The National Institute of Economic and Social Research (NIESR) said Britain was sliding into a recession that will hammer the most deprived areas of the country and force more than a million households to choose between heating their homes and purchasing sufficient food. According to Reuters, the consumer price inflation hit a 40-year high of 9.4 percent in June, and NIESR expects it to be slow to fall, averaging 6.9 percent next year.
NIESR Director Jagjit Chadha said ordinary Britons would pay the price for years of what he viewed as under-investment in public services, which had left them vulnerable to successive economic shocks like Brexit, COVID-19 and the war in Ukraine.
He told reporters at a news conference: “It needs urgent and sustained, and credible, intervention by successive governments.
“Unfortunately, it’s not clear to me that we have the political institutions to deliver that.”
While the final two candidates in the race to become Britain’s next prime minister, Liz Truss and Rishi Sunak, debate tax cuts and public spending restraint, NIESR said resources should be diverted urgently to help the most vulnerable.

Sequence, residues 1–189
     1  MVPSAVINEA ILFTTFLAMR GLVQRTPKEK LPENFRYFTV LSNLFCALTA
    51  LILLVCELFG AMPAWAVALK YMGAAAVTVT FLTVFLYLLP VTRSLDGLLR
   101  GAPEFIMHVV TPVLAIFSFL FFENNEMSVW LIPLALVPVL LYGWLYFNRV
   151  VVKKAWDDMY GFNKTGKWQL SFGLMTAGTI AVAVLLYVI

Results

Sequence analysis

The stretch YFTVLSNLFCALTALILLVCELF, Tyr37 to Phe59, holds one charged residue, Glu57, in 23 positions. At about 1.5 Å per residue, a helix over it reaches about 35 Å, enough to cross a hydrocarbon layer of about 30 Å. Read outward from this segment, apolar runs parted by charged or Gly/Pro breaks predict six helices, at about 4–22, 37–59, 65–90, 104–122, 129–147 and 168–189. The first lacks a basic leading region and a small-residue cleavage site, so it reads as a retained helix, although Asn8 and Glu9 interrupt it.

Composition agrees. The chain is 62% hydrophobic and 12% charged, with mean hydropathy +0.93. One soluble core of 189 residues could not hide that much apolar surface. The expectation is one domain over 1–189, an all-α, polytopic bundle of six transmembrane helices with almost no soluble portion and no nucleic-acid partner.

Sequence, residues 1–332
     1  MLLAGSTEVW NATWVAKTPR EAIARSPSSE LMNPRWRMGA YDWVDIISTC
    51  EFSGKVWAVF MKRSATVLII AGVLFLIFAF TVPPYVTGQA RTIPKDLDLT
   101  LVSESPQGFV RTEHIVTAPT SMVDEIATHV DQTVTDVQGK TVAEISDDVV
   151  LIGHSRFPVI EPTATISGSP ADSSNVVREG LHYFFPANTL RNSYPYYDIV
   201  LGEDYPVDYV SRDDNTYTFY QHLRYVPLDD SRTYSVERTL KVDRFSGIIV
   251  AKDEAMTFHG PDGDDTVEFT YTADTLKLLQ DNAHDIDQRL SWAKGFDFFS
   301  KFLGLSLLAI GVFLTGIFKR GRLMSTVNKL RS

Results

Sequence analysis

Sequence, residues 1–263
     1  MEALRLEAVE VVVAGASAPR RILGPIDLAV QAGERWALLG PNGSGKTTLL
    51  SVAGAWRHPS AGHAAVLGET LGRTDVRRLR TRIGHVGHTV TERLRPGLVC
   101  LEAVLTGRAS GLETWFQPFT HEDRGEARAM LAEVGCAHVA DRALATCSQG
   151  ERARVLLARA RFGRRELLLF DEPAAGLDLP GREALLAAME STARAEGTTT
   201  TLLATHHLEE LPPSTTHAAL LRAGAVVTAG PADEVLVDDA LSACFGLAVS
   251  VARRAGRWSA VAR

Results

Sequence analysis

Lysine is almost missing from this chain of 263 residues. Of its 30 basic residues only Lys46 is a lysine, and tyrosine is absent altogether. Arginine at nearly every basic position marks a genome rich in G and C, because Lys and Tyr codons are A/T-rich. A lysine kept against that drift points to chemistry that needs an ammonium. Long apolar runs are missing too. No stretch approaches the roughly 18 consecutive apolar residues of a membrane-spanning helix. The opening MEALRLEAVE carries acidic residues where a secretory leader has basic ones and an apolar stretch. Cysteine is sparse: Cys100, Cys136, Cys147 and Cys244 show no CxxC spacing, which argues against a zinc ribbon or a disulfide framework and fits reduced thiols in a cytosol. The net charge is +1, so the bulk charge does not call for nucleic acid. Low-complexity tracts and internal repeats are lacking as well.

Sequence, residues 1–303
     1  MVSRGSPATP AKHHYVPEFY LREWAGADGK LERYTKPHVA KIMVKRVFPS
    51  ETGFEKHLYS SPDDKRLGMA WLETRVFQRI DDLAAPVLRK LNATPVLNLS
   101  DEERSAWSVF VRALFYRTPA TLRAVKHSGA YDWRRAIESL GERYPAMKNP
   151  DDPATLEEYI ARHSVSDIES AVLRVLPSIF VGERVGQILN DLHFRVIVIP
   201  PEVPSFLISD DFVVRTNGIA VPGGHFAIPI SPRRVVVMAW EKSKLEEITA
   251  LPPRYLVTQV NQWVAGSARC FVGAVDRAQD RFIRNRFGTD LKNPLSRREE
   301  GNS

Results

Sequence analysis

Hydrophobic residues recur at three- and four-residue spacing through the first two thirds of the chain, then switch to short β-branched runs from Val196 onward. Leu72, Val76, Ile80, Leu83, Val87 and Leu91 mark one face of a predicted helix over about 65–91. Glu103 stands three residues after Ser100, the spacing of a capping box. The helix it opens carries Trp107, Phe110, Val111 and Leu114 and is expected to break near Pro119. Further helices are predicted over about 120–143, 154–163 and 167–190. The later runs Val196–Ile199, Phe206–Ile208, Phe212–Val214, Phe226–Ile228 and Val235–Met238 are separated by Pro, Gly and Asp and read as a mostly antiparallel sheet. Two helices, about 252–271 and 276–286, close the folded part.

According to the forecast by the NIESR, a recession was likely to begin in the current quarter, with a 50/50 chance that the economy would end this year smaller than its level in late 2021.
It further predicted that the economy was likely to see annual average growth of 3.5 percent this year – reflecting a favourable comparison against output in early and mid 2021, when Covid restrictions were still in place – but would grow just 0.5 percent in 2023.
NIESR said the number of households with no savings was set to double to 5.3 million, or one in five, by 2024.
Some 1.2 million households face destitution in the coming year, whose food and energy bills will exceed what is left of their income after paying for housing and tax.
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NIESR research lead Arnab Bhattacharjee said: “These are devastating numbers.”
NIESR said the government should immediately reinstate a £25 weekly uplift to the Universal Credit state benefit that had helped many people weather the COVID-19 pandemic, and raise the energy bills grant for low-income households to £600 from £400.
Adding to the strain on households, the Bank of England would need to raise its main interest rate to 3 percent by the end of next year to contain inflation, NIESR said – much higher than the 2.25 percent peak predicted in the latest Reuters poll consensus of economists.
The Bank of England (BoE) is likely to raise the Bank Rate by 50 basis points on Thursday, that poll showed, which would represent the biggest hike since 1995.
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